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What are your thoughts about the issue? Does a candidate's honesty matter to you in the upcoming elections? – Rappler.com

Cagayan de Oro writers’ group removes writer with false credentials


FALSE. The press release featuring Alton Melvar Dapanas contains literary claims proven false. Screenshot from Mindanao Gold Star Daily

CAGAYAN DE ORO CITY, Philippines– The Nagkahiusang Magsusulat sa Cagayan de Oro (NAGMAC), a writers' collective in Northern Mindanao, has stripped the board membership of one writer who claimed false literary credentials in a press release published by a local newspaper here on February 9.

The press release said that Kagay-anon writer Alton Melvar Dapanas, NAGMAC’s senior fellow for poetry and creative nonfiction and board member, was longlisted at the 2019 Constance Rooke Creative Nonfiction (CNF) prize.

Three other claims were mentioned as part of his achievements. Dapanas claimed in the press release that his book The Cartographies of Our Skin: Lyric Essays was published by Tupelo Press and was shortlisted for the 2017 Anne Carson Prize for Nonfiction.

Dapanas also said he was a nominee of the Best of the Net and Pushcart Prize, and a fellow to the Iyas National Writers’ Workshop.

These claims were later debunked as false.

Mindanao Gold Star Daily (GSD) special correspondent Lina Sagaral Reyes, who was given a copy of the press release last month by Dapanas himself, informed NAGMAC of the false claims after verifying information with local writers through Facebook and online sources.

Dapanas himself owned up to the false claims in a statement posted in his Facebook account.

“I own up to these mistakes and am willing to take responsibility in my actions,” he said. “The integrity of the people who currently run the collective should be out of the issue.”

“I will be out of the literary scene for God knows how long,” Dapanas added. “I take this indefinite hiatus as an opportunity for learning and growth to reflect and review my future direction.”

False claims

Upon inquiry by the author of this article, The Malahat Review said that Dapanas was not included in the longlist of the 2019 Constance Rooke CNF Prize since it was not even accepting entries.

“We haven’t held the 2019 Constance Rooke CNF Prize– in fact, the contest isn’t even accepting entries right now,” The Malahat Review said in a direct message via its Facebook page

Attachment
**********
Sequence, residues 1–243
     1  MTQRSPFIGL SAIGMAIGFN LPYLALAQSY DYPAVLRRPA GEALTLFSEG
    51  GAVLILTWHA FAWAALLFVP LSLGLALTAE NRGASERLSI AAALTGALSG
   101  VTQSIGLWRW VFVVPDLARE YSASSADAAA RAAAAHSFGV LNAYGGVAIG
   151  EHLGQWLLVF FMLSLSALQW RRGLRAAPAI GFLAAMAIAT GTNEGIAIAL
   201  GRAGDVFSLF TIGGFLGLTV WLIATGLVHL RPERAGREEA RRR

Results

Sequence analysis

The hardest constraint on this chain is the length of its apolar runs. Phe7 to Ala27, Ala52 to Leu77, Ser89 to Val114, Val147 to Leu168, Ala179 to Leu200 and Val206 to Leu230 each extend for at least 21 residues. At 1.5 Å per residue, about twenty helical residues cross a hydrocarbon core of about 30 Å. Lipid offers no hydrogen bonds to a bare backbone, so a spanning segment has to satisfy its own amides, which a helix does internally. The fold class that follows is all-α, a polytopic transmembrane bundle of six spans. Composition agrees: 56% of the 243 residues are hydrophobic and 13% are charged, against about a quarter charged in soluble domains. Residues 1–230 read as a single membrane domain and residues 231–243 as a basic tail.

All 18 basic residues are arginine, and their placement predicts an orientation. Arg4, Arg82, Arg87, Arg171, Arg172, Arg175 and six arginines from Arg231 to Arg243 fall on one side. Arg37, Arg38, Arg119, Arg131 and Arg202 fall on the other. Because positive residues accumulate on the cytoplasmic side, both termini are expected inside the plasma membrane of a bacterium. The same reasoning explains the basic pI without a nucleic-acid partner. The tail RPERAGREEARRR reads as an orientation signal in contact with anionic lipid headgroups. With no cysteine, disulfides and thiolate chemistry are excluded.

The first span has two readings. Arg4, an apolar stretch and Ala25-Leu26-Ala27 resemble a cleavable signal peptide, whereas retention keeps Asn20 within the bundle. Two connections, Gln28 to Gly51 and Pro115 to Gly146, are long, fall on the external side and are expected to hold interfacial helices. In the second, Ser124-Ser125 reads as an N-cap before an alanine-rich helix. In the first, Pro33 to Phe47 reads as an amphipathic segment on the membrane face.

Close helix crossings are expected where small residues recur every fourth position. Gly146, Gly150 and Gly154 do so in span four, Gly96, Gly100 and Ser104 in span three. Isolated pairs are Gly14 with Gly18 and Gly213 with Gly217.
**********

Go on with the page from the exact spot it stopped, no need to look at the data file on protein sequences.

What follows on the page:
“We don’t usually release a long-list, only a shortlist and the winner [is] announced,” they added.

In the same way, Tupelo Press Publisher and Artistic Director Jeffrey Levine sent a letter addressed to NAGMAC regarding the book that Dapanas supposedly authored after seeing the press release published by Mindanao Gold Star Daily.

“We have no knowledge of this book, nor of this writer. We urge strongly that the record be corrected,” the letter said.

The Anne Carson 2017 Prize for Creative Nonfiction also does not exist.

Furthermore, the published lists of Best of the Net and Pushcart Prize did not mention Dapanas’ name or any of his books.

On his claimed fellowship at the Iyas National Writers’ Workshop, project coordinator and University of St. La Salle in Bacolod City’s former dean of law Raymundo “RayBoy” T. Pandan Jr said that Dapanas has never been a fellow to the Iyas National Writers’ Workshop.

Response and responsibility

Regarding these false claims, NAGMAC issued an official statement through board member Adeva Esparrago’s Facebook profile and to Rappler on Friday, March 8.

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They released it after an article written by Reyes detailing her personal account about unraveling Dapanas’ claims was published by Mindanao Gold Star Daily, the same newspaper that published the press release last month.

Mindanao Gold Star Daily said that the press release was sent to their office through Dapanas’ personal email address.

“I asked the page editor and I was informed that it was a press release from NAGMAC...[It] has a tagline that should tell you that the source is NAGMAC,” Herbie Gomez, the Editor-in-Chief of Mindanao Gold Star Daily, said via email.

NAGMAC, however, clarified in its statement that they had nothing to do with the press release.